It’s a well-known fact that bathrooms and kitchens offer some of the biggest opportunities to add value to your home or investment property. But if you had to choose between upgrading one or the other, which would give you more bang for your buck?
The answer, according to renovations expert Ana Stankovic from www.renovateandprofit.com, may surprise you.
“Most people will look to renovate a kitchen within a home, but you should be careful with how much you spend on a kitchen renovation,” Stankovic says.
“On average, in Australia, renovating an existing kitchen is only the fourth or fifth add-value technique, depending on suburb.”
Importantly, she adds that investors must note that in different suburbs – and in different types of homes within those suburbs – there will be a specific order of which renovations are going to add the most to your profit line.
“Let's have a look at a family house in Mount Waverley, for example. In this area, renovating an existing kitchen is going to be the fifth highest-returning renovation that you can do, and even that is going to have specific design and functionality requirements you need to adhere to in order to create a profitable result,” Stankovic says.
“However, if you wanted to add significant value, you might look at adding a second bathroom. In this particular suburb, doing so will add much more in value compared to how much it costs, rather than renovating the existing kitchen.”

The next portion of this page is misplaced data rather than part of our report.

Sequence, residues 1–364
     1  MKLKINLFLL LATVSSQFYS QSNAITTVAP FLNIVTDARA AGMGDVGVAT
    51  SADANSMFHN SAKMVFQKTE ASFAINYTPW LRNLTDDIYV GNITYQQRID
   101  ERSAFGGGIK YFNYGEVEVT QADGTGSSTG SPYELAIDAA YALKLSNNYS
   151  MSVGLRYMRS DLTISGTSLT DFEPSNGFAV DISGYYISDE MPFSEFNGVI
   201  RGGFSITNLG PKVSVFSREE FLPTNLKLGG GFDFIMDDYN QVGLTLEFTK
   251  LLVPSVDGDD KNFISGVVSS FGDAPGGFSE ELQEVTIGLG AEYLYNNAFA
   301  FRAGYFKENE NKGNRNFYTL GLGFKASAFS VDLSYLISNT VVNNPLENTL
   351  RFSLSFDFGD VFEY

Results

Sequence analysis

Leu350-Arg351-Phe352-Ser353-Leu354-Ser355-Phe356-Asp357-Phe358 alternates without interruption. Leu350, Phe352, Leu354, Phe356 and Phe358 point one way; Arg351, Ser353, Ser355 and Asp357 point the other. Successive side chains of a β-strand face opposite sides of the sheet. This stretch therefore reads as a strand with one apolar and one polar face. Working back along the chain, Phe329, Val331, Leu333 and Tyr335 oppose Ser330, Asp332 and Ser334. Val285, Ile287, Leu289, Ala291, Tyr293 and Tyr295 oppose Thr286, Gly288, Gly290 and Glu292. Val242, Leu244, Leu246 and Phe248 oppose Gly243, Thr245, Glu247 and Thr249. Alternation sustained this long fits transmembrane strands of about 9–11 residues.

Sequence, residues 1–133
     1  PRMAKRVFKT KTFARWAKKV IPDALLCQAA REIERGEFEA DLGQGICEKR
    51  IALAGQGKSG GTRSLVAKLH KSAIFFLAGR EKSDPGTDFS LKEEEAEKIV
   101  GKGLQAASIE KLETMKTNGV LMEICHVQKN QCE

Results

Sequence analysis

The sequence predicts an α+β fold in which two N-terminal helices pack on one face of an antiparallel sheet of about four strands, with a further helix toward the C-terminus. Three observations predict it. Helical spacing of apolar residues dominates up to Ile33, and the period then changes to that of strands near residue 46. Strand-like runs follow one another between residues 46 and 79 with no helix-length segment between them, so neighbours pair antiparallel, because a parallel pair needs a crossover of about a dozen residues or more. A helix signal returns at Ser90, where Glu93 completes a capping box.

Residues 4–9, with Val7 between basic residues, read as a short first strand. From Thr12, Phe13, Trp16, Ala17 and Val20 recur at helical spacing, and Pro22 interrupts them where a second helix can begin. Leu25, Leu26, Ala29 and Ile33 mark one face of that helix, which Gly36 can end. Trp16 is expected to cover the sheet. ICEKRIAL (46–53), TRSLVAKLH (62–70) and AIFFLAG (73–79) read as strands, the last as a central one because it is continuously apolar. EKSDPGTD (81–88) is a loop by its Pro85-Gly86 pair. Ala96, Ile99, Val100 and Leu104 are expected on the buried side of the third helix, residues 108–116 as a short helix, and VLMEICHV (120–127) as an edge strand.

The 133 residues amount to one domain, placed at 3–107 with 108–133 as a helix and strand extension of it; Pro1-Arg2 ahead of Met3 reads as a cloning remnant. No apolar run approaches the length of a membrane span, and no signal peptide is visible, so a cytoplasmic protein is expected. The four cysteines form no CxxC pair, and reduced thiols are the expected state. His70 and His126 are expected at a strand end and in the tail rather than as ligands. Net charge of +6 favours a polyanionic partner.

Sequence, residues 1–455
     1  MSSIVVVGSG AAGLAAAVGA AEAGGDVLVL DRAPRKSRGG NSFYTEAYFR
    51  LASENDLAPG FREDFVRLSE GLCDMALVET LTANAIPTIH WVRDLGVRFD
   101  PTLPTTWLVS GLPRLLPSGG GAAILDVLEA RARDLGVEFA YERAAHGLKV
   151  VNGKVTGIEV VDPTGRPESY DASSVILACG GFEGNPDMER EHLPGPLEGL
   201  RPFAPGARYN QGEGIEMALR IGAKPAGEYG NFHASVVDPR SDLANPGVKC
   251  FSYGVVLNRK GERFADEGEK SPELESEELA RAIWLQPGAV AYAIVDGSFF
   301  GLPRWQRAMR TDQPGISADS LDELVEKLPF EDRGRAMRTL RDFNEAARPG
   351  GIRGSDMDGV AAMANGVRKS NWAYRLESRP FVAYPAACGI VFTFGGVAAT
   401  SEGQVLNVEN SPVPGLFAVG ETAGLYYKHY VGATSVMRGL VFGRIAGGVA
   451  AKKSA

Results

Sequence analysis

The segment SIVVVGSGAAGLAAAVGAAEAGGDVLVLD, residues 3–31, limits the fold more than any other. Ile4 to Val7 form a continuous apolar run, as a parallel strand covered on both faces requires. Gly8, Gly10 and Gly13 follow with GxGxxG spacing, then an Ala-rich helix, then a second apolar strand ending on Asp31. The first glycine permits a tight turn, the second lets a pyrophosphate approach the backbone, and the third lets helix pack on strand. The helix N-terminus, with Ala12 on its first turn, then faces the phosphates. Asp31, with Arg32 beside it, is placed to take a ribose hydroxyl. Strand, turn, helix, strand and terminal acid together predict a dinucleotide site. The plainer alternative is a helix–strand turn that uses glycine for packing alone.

So how do you figure out which area of the property to makeover in your own situation?
The answer, Stankovic says, is to do your research and be strategic. “Because the property market is currently a bit flat, guesswork and complexities need to be reduced as much as possible, and you need to follow a detailed and strategic approach to everything you do with your renovation in order to guarantee success,” she says.
Stankovic’s top 5 tips include:
- Be choosey. “You need to be very selective in what renovation project you purchase, in order to get one that is going to have the highest profitability potential.”
- Be thorough. “Do thorough research into the home and suburb, including what is going to add the most value.”
- Be strategic. “Prioritise all of the changes and upgrades in order of what will provide highest yields.” You may want to speak to local property managers to get a short-list of the most sought after features with tenants.
- Be budget-conscious: “Cost out your renovation in detail and accurately, and calculate how much potential profit is in the project. Let that drive the purchase negotiations.”
- Be organised. “Plan and organise in detail and be careful about the order you perform your renovations, being mindful of minimising your holding costs.”
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